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Declaration, Rough Draft


A true first draft of The Declaration of Independence is not available to historians. Jefferson’s “First Rough Draft” has the same feel as the final version we are used to be familiar with. It begins:

A Declaration of[1] the Representatives of the UNITED STATES OF AMERICA, in General Congress assembled.

When in the course of human events it becomes necessary for a people to advance from that subordination in which they have hitherto remained, & to assume among the powers of the earth the equal & independant station to which the laws of nature & of nature’s god entitle them, a decent respect to the opinions of mankind requires that they should declare the causes which impel them to the change.

We hold these truths to be sacred & undeniable;[2] that all men are created equal & independant, that from that equal creation they derive rights[3] inherent & inalienable, among which are the preservation of life, & liberty, & the pursuit of happiness; that to secure these ends, governments are instituted among men, deriving their just powers from the consent of the governed; that whenever any form of government shall become destructive of these ends, it is the right of the people to alter or to abolish it, & to institute new government, laying it’s foundation on such principles & organising it’s powers in such form, as to them shall seem most likely to effect their safety & happiness.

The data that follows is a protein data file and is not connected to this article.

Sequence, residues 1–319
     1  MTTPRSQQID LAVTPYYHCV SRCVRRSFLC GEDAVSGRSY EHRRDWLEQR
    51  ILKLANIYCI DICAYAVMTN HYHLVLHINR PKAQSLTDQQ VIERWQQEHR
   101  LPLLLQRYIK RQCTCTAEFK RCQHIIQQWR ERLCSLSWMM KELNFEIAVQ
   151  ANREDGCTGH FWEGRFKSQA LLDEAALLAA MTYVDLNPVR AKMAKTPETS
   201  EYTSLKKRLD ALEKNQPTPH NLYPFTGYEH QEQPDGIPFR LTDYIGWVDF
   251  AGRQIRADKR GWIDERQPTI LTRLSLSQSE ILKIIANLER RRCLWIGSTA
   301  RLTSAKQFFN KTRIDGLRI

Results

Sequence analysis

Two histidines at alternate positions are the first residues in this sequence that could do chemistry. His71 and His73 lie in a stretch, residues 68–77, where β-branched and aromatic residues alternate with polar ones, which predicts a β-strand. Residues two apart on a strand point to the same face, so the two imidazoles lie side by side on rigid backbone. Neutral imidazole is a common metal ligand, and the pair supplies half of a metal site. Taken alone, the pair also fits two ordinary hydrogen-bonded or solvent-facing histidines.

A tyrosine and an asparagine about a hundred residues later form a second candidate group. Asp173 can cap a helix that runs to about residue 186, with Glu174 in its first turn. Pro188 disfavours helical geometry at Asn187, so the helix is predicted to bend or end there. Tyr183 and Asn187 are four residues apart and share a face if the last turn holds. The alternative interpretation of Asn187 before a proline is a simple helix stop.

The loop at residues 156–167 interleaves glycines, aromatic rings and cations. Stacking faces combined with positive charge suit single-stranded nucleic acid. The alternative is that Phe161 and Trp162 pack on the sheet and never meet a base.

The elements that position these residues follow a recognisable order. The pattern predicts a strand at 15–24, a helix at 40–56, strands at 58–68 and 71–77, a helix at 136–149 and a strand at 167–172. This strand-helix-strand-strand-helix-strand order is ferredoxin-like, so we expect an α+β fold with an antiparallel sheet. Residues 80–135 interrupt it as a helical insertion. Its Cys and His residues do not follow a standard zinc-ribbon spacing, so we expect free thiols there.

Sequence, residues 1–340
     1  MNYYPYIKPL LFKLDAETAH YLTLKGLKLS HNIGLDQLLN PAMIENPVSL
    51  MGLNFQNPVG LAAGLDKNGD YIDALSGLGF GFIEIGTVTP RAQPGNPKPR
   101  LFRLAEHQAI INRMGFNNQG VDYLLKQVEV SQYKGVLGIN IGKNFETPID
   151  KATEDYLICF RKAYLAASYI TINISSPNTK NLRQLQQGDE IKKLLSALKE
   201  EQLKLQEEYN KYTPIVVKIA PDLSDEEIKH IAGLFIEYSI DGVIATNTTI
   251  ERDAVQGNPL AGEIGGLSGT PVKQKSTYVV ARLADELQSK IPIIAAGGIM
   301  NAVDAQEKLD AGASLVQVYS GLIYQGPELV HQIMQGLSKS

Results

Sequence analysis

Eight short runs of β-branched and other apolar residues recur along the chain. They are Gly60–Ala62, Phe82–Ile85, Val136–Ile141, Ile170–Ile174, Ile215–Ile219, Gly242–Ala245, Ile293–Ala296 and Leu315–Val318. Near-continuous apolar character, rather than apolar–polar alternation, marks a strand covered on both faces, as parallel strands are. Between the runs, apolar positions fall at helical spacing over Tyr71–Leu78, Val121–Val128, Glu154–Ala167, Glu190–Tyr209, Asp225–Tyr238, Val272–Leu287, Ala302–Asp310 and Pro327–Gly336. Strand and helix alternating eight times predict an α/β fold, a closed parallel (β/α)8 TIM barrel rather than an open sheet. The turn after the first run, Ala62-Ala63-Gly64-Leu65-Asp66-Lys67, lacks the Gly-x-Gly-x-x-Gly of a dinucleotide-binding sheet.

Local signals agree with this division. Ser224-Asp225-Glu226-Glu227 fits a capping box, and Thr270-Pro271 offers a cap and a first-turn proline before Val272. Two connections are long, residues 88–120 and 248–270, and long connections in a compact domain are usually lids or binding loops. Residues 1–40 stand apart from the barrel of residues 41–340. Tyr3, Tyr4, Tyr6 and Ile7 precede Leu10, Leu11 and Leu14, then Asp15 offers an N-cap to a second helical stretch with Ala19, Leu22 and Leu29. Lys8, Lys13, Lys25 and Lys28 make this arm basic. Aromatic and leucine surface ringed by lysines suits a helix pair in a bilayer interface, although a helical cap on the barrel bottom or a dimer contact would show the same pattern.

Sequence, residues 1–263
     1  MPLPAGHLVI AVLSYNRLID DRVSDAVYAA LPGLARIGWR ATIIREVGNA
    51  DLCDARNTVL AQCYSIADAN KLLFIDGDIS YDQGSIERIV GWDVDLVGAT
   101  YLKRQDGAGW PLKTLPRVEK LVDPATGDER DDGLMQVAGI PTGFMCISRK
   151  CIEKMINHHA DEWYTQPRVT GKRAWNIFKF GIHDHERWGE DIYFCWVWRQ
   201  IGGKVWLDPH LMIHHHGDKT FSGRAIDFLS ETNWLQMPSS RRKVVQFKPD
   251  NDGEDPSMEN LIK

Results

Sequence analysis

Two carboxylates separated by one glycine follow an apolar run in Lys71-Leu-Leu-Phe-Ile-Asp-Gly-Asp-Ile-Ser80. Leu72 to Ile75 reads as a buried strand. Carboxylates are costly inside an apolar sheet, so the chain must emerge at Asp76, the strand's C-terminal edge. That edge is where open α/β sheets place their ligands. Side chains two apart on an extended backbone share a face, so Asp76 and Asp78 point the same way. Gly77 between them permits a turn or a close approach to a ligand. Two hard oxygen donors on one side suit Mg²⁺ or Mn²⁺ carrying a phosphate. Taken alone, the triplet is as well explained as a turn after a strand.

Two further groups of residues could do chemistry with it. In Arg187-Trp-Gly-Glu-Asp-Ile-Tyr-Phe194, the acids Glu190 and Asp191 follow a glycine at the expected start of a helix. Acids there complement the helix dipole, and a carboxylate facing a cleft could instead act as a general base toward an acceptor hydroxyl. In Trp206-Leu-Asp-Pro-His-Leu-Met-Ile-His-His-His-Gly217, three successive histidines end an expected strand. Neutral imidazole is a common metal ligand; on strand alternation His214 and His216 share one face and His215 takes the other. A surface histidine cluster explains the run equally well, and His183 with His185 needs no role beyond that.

I notice the greater clarity on our equality at creation. We are equal only in the sense of endowed rights, not in talents nor in outcomes. This is not a Declaration of Justice.

Another bit that seems contrary to revisionist versions of the American Dream appears among the justifications for secession:

[King George] has waged cruel war against human nature itself, violating it’s most sacred rights of life & liberty in the persons of a distant people who never offended him, captivating & carrying them into slavery in another hemisphere, or to incur miserable death in their transportation thither. this piratical warfare, the opprobrium of infidel powers, is the warfare of the CHRISTIAN king of Great Britain. determined to keep open a market where MEN should be bought & sold, he has prostituted his negative for suppressing every legislative attempt to prohibit or to restrain this execrable commerce:[11] and that this assemblage of horrors might want no fact of distinguished die, he is now exciting those very people to rise in arms among us, and to purchase that liberty of which he has deprived them, by murdering the people upon whom he also obtruded them; thus paying off former crimes committed against the liberties of one people, with crimes which he urges them to commit against the lives of another.

As much as slavery was woven into the Founding, so was abolition. It was an open question.

Also, was Jefferson indicting the King as a bad Christian, or was he impugning Christianity with George merely as an example of its profanity?

On both of these points, a wider familarity of this Rough Draft would improve current debate. Words matter.